The Yukon and Yukon River

Yukon river canoe paddling with Jeff "Willy" Willis

The Yukon River is the longest river in Yukon & Alaska. Third longest river in North America, flowing northwest from the Coastal Range mountains of northern British Columbia, through the Yukon Territory and Alaska to the Bering Sea. Its overall length is 3,185 kilometers (km), with 1,149 km within Canadian borders. The watershed’s total drainage area is 840,000 sq. km (323,800 sq. km in Canada) and it discharges 195 cubic kilometers of water per year.

During the Klondike Gold Rush the Yukon River was one of the principal means of transportation. Paddle-wheel riverboats continued to ply the river until the 1950’s, when the Klondike Highway was completed.


As of September 2012, there were 36,304 people living in the Yukon. Of those, 27,687 were living in the capital city of Whitehorse


Yukon’s dry, continental climate results in a wide variety of weather year-round. Humidity is very low, so summers can be hot and dry while winter coldness is less harsh than in damper climates.

Summer in Yukon


It's a Life Changing Experience


Capital City - Whitehorse

Whitehorse is Yukon’s capital and a major northern hub. It enjoys facilities, services and businesses far beyond the expectation of a city of 30,000. It's a big little city surrounded by wilderness with the amenities of a much larger destination paired with the friendly demeanour of a close-knit community.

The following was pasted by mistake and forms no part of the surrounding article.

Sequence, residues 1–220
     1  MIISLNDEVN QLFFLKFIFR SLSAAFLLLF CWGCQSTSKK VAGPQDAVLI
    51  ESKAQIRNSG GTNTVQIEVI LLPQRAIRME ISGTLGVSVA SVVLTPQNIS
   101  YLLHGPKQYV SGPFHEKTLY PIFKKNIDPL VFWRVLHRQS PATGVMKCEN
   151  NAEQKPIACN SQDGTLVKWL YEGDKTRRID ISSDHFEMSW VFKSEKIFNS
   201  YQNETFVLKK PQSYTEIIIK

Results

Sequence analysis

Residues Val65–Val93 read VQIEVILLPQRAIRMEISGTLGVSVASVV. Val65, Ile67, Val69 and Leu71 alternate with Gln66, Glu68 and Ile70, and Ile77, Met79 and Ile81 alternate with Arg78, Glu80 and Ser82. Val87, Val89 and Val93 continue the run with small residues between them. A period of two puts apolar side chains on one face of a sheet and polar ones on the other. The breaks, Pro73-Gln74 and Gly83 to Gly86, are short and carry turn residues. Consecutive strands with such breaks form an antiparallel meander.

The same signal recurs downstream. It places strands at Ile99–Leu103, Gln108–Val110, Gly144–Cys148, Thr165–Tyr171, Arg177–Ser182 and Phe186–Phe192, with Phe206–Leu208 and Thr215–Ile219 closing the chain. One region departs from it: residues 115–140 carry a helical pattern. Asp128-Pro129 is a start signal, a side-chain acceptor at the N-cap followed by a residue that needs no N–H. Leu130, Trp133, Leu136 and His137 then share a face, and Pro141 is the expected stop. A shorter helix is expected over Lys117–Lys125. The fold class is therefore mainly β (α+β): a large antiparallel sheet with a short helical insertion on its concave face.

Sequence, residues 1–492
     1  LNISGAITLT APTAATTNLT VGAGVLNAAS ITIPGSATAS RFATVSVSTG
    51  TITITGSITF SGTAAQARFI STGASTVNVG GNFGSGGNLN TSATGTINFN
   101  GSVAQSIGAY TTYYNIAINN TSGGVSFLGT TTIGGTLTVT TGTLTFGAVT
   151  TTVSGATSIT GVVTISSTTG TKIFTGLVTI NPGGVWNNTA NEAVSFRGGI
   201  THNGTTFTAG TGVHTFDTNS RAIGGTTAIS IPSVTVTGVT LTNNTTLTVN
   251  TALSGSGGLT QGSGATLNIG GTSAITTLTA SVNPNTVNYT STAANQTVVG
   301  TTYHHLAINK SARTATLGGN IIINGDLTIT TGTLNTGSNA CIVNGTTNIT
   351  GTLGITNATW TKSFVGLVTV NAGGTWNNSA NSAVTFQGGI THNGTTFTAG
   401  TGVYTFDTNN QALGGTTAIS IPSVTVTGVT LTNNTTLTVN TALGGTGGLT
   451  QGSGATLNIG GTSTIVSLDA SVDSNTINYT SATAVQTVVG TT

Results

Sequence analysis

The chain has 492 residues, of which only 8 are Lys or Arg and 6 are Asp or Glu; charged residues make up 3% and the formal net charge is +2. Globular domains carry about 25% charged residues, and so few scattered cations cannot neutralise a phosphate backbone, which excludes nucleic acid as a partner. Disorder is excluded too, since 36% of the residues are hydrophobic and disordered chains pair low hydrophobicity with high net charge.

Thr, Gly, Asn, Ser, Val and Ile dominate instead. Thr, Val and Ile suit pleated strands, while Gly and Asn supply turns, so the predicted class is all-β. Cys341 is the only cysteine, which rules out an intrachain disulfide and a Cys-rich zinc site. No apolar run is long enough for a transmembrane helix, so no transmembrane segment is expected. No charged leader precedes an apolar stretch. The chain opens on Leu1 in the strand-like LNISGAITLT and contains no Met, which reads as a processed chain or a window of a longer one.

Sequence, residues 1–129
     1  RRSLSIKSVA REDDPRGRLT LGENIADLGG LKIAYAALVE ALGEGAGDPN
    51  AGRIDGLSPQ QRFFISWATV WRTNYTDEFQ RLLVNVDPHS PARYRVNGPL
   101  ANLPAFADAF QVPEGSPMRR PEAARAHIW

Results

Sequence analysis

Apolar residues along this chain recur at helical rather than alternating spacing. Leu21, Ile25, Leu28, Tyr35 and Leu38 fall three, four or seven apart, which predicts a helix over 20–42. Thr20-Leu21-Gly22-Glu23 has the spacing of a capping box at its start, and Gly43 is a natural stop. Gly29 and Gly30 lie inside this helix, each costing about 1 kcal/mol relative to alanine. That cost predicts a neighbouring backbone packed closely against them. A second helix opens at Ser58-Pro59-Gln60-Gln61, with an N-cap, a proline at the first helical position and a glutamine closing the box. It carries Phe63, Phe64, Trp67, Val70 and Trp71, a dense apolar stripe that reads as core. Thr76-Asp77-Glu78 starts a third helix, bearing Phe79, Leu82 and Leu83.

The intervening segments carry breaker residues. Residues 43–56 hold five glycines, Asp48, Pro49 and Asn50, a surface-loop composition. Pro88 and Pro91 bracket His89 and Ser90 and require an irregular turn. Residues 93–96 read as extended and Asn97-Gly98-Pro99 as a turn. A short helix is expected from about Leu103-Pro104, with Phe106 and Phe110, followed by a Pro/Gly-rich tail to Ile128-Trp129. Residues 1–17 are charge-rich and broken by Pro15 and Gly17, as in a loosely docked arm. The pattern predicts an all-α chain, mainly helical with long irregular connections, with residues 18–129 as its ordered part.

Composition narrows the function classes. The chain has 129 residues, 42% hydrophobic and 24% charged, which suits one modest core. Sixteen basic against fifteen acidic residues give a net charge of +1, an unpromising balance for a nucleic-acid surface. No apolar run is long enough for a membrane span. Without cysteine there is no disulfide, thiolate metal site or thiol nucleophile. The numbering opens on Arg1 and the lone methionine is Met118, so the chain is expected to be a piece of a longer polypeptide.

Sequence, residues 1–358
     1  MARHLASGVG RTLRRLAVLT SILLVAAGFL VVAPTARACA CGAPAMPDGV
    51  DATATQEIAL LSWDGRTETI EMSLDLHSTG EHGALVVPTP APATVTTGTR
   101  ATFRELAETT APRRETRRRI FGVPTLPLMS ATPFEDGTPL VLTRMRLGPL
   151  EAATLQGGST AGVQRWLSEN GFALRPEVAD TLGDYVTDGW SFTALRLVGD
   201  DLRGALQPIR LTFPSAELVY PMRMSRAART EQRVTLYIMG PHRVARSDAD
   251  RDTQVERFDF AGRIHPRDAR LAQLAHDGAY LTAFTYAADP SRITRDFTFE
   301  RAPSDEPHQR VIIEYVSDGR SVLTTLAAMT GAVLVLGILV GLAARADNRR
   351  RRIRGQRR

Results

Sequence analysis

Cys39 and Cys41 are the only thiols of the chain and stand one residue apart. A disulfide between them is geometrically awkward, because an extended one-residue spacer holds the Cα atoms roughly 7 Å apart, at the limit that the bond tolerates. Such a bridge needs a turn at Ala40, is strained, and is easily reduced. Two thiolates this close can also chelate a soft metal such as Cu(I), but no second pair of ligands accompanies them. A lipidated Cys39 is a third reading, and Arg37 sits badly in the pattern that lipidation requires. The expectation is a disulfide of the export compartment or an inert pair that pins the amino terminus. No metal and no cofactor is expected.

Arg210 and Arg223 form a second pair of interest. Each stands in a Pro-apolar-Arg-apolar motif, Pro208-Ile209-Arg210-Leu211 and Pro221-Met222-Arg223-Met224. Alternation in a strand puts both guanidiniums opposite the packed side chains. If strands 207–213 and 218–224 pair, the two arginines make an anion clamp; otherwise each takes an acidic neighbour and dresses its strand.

Yukon weather has been known to be quite variable as an Arctic air mass can dominate one day, and the next day a warm front can move in from the Pacific. On your expedition you could experience all four seasons in one day! With varied geography and changeable weather, it's important to be prepared for sudden changes in weather and temperature, especially since we are on a canoe expedition.

In summer, the temperature can be plus 30 Celsius and the blazing sun shines around the clock. Above the Arctic Circle, the sun doesn't set on June 21st and it doesn't rise on December 21st.

What to Wear

When you visit Yukon, chances are you'll discover the relaxed dress known as 'Yukon formal'. Whatever the season, pack a wide variety of clothing. Layering is always a good idea so you can adapt to changing weather and temperatures.

To view our Yukon packing list, click below.

Read more >>>


Yukon Summer Season

Summer is June to August. The sun barely sets. People are full of energy. Days can be hot, and the evenings cool off.



It's a Life Changing Experience